Saturday dawned bright and clear, a perfect day for some city exploration. Donnie and I got ready and jumped on the “fast ferry” to Circular Quay. There are several options for getting to Sydney from Manly Beach, which is where we are currently living. There are two ferries– a regular one and a fast one. We pay a little more to ride the fast ferry ($17 for a return ticket/person) because it is nicer, takes half the time as the other ferry, and you can sit on the front of the boat to enjoy the view and the occasional sea spray. You also get a killer view of the skyline as you come into the harbour.

IMG_2740.jpgOnce we disembarked, we headed beyond the Opera House to the vast Royal Botanic Gardens. These gardens are beautiful, with all kinds of exotic and endangered plants and trees, as well as flowers, statues, and sculptures. We meandered through the gardens with the goal of visiting the Government House and then continuing to a rock formation known as Mrs. Macquarie’s Chair.


IMG_2758.jpgWell, we ended up a little lost, and the building we thought was the historical Government House was actually an InterContinental Hotel. We ventured back into the garden to find our way. We discovered a beautiful section of flowers and Donnie found a map, so we were well on our way.

IMG_2762.jpgThe sun was out in full force. I put on sunscreen (or suncream as they call it here) but conveniently forgot my face. Oops. We finally made it to Mrs. Macquarie’s Chair. This sandstone bench was carved by convicts in in 1810 for the then-governor’s wife. There are some of the best harbour views from this point.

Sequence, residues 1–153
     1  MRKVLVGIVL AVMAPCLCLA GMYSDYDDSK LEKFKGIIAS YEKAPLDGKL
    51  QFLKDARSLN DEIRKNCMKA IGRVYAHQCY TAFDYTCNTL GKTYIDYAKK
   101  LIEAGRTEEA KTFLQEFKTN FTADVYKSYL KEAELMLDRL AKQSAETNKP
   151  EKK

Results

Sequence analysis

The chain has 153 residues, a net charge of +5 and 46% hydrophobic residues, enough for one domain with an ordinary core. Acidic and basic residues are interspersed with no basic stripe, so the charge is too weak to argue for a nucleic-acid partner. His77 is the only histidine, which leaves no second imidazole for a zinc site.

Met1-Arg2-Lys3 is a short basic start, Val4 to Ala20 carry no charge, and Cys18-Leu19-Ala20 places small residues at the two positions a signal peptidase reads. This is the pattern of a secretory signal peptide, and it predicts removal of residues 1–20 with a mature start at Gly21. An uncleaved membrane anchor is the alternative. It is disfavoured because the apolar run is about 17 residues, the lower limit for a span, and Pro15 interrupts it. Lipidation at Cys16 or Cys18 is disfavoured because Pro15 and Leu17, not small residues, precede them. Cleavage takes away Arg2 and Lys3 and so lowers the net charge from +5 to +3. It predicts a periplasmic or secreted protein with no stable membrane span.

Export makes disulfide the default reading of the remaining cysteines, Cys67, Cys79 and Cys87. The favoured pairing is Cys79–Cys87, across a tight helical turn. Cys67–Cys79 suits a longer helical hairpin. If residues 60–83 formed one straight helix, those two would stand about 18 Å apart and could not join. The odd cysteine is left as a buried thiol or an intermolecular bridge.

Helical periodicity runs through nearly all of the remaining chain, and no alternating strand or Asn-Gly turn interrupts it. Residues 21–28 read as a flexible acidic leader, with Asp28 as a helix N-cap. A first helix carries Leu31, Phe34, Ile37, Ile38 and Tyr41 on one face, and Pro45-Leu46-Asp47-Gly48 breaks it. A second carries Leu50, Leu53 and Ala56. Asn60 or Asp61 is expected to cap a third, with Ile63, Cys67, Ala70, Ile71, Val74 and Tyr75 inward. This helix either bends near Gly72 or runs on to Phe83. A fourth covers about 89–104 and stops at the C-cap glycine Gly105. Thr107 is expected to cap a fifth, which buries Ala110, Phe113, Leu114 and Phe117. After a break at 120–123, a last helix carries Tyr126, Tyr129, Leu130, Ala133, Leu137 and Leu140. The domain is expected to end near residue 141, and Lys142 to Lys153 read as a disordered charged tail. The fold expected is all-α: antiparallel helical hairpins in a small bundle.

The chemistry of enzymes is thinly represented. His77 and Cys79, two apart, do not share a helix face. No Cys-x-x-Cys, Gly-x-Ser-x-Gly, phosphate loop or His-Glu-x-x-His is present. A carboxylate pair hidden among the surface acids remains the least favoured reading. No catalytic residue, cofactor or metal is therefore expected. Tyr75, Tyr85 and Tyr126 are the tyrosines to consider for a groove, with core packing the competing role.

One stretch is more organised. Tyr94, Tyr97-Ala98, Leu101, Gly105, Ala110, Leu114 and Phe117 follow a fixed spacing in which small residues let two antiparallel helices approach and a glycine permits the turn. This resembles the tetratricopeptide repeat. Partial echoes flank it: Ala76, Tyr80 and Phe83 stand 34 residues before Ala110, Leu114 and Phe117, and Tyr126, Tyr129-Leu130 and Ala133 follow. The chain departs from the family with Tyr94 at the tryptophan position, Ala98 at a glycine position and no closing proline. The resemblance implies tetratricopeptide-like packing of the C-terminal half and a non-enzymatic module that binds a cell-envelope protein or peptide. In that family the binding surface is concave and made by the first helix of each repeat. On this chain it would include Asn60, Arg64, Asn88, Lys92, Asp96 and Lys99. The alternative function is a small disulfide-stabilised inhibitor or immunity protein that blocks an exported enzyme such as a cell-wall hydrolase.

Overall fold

IMG_2784There was a lovely breeze and lots of shade, so Donnie and I took a little break by the water to soak in the sights and sounds. There is something utterly peaceful about the sound of water punctuated by Aussie songbirds. You can also see my lovely sunburn setting in.

IMG_2788After our little rest, we headed back to Circular Quay to find a Hop On-Hop Off bus. We still hadn’t seen much of Sydney beyond the harbour and we wanted to understand how things were laid out.

While buying tickets for the tour bus, one of the teenage girls working the ticket booth asked Donnie where we were from. When he said Nashville she exclaimed, “Ah! I watch that show all the time! I feel a little starstruck.” Hah!

We hopped on the bus and enjoyed a narrated tour through the CBD. We learned that we’ve basically been pronouncing everything wrong: Bondi is Bond-eye not Bond-ee, Macquarie is MahCory not MaKerry, and I still can’t say Woolloomooloo, though we learned that it’s an Aboriginal word for “baby kangaroo.”

IMG_2797After our tour we felt like we had a much better handle on the city, and we’ve planned several trips to different areas for future weekends. I’m really excited for Chinatown yum cha (what we call dim sum in America) and taking my picture with a koala at the Sydney Wild Life Zoo.

After our busy day, we were happy to grab some gelato and hop back on the fast ferry to Manly.

Do you have any suggestions for things to do in the Sydney area?

Best sunscreen that doesn’t make your face break out? (This is becoming a daily necessity.)